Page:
New hunting laws have been taking affect in Wisconsin. Shawano High students are also included in the impacts of the new law. Many hunters at SCHS have heard about the law change and how it will affect them.
Students and faculty who hunt have noticed the change as well and are all in agreement that they have concerns about it. This year, all throughout Wisconsin, after hunters harvest a deer, they do not have to put carcass tags on, but must register the deer online.
“It’s stupid,” said Junior Kobe Schreiber. “There is going to be more unsafe and illegal hunting.”
Schreiber, who has been hunting since he was nine years old, feels that this new law is just unnecessary. Schreiber has been following the rules since he first start going into the woods. He is primarily a gun hunter, and his favorite thing to hunt for is the Whitetail deer.
“Taking away the carcass tags was just dumb, you feel like you should put something on the deer after you shoot it,” said Schreiber.
He is not the only one who feels that way, either. Teacher and long-time hunter, Mr. Jeremy Hodkiewicz feels the same way. He is a gun hunter, but does not go out much because he rarely has the time. Regardless of how often he goes out, he still does not agree with the law.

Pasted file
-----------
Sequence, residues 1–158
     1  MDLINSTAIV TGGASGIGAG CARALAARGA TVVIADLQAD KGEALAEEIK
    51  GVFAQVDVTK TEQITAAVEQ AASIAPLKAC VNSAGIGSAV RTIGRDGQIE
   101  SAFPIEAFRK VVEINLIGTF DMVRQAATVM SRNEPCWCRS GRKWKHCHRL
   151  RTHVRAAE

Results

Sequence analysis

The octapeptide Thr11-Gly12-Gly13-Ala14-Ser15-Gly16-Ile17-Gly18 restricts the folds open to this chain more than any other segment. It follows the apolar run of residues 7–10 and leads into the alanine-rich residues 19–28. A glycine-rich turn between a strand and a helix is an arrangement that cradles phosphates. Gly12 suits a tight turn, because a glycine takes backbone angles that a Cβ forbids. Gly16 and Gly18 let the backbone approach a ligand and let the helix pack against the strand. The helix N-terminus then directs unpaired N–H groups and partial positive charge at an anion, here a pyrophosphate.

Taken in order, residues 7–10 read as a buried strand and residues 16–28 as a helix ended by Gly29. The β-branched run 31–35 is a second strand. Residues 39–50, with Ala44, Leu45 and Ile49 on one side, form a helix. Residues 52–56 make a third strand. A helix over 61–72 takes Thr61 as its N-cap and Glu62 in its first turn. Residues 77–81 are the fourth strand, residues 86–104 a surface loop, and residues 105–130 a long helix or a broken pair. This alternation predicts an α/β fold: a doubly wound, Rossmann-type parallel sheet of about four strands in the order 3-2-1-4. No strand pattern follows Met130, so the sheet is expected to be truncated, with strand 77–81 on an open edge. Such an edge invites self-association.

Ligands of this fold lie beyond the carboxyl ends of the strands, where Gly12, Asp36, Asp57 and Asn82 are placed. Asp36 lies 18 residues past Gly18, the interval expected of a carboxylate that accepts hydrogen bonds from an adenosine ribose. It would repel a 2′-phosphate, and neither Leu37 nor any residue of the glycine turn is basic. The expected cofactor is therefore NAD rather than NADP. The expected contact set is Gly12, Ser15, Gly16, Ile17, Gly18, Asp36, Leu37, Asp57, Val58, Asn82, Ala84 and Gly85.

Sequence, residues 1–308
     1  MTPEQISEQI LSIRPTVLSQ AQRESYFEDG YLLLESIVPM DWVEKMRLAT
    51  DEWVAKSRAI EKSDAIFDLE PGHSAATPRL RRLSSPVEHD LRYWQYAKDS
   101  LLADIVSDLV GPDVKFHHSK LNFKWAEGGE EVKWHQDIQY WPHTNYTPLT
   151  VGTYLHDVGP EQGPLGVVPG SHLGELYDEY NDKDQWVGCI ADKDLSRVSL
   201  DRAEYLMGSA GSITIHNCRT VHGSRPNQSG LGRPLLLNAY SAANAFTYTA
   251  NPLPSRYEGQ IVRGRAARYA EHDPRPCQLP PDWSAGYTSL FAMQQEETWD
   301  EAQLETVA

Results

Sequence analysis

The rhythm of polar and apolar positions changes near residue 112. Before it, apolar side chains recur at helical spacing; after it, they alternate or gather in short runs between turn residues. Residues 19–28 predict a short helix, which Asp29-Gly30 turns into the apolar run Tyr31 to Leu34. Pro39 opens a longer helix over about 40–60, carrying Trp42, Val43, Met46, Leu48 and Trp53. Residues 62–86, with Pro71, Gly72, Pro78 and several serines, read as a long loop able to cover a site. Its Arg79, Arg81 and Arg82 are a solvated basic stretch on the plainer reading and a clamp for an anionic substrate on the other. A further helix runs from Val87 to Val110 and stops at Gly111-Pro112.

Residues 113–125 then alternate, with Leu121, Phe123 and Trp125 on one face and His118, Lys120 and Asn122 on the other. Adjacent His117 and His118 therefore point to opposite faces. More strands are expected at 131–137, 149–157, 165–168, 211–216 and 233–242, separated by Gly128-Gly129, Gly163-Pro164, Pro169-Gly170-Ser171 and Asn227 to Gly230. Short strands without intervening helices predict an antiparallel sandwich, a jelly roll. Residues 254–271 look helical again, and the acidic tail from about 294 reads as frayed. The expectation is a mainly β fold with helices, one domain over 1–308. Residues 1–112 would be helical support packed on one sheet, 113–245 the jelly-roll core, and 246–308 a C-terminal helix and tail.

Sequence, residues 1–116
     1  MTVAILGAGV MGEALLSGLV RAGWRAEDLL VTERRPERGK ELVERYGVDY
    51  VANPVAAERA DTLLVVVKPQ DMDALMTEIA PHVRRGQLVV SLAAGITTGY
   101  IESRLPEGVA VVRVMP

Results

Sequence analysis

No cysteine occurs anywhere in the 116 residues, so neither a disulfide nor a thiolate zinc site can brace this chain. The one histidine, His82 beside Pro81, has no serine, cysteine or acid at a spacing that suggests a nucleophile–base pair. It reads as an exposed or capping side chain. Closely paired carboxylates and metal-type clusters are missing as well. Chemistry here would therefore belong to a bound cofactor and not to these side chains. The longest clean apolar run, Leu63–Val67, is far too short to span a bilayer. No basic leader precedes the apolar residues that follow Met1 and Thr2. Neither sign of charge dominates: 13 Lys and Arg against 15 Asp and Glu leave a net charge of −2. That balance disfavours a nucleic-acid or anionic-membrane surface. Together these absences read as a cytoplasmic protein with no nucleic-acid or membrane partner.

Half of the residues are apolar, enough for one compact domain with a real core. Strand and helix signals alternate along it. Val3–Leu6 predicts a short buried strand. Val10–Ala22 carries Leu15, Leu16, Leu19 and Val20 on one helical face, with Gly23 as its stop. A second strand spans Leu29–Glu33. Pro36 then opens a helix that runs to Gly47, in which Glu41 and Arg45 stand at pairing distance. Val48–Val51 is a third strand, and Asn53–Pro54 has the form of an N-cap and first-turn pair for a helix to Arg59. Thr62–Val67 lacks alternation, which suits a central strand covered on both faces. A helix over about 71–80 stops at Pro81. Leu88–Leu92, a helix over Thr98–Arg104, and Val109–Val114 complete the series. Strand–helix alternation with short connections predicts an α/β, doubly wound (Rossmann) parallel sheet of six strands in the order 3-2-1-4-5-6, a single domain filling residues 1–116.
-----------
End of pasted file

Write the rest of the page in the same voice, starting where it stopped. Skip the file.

“I did not mind using them; they’re convenient,” said Hodkiewicz. “The only reason they took them away was to save money.”
Hodkiewicz is also a big supporter of the carcass tags. He also agrees with Schrieber, that without them, there will be more illegal hunting. The carcass tags are not the only thing the DNR should bring back. He also believes they should bring back the back tags.
“I don’t agree with taking away back tags. It is very unsafe,” said Hodkiewicz. “If someone came on my land, I have no way of identifying them, and if something happens, the outcome could be a disaster.”
Back tags were worn on the hunter’s back with their information so that the hunter can be identified. On February 29, 2016 Governor Scott Walker signed a bill that made it no longer required for hunters to wear back tags while they are hunting.
“There will be a lot of unsafe hunting and trespassing,” said Schreiber.
Taking away the back tags was a potentially very dangerous move, but now taking away carcass tags is another questionable move. It could open up illegal hunting and poaching now that hunters do not have to prove that an animal was shot legally. Without the carcass tags, people can be unethical and go over their bag limit.
The taking away of both of these tags has taken an effect at Shawano High. Just like most of the hunters in the state, the hunters here do not agree with these new laws.